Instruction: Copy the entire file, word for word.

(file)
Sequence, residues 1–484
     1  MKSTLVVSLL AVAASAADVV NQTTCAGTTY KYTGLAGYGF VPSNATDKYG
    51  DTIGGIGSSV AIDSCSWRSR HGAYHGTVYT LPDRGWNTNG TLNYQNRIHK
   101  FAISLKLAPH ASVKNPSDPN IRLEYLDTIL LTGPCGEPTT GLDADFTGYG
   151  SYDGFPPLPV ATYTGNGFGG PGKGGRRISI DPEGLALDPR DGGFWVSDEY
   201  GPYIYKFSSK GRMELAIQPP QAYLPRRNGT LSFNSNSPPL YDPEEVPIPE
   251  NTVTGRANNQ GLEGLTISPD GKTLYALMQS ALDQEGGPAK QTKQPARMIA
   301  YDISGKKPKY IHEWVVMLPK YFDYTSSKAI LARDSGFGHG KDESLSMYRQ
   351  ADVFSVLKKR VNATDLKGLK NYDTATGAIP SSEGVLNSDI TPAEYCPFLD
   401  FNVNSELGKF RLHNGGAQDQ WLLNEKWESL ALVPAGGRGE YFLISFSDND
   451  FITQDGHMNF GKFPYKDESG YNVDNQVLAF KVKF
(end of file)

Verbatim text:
Sequence, residues 1–484
     1  MKSTLVVSLL AVAASAADVV NQTTCAGTTY KYTGLAGYGF VPSNATDKYG
    51  DTIGGIGSSV AIDSCSWRSR HGAYHGTVYT LPDRGWNTNG TLNYQNRIHK
   101  FAISLKLAPH ASVKNPSDPN IRLEYLDTIL LTGPCGEPTT GLDADFTGYG
   151  SYDGFPPLPV ATYTGNGFGG PGKGGRRISI DPEGLALDPR DGGFWVSDEY
   201  GPYIYKFSSK GRMELAIQPP QAYLPRRNGT LSFNSNSPPL YDPEEVPIPE
   251  NTVTGRANNQ GLEGLTISPD GKTLYALMQS ALDQEGGPAK QTKQPARMIA
   301  YDISGKKPKY IHEWVVMLPK YFDYTSSKAI LARDSGFGHG KDESLSMYRQ
   351  ADVFSVLKKR VNATDLKGLK NYDTATGAIP SSEGVLNSDI TPAEYCPFLD
   401  FNVNSELGKF RLHNGGAQDQ WLLNEKWESL ALVPAGGRGE YFLISFSDND
   451  FITQDGHMNF GKFPYKDESG YNVDNQVLAF KVKF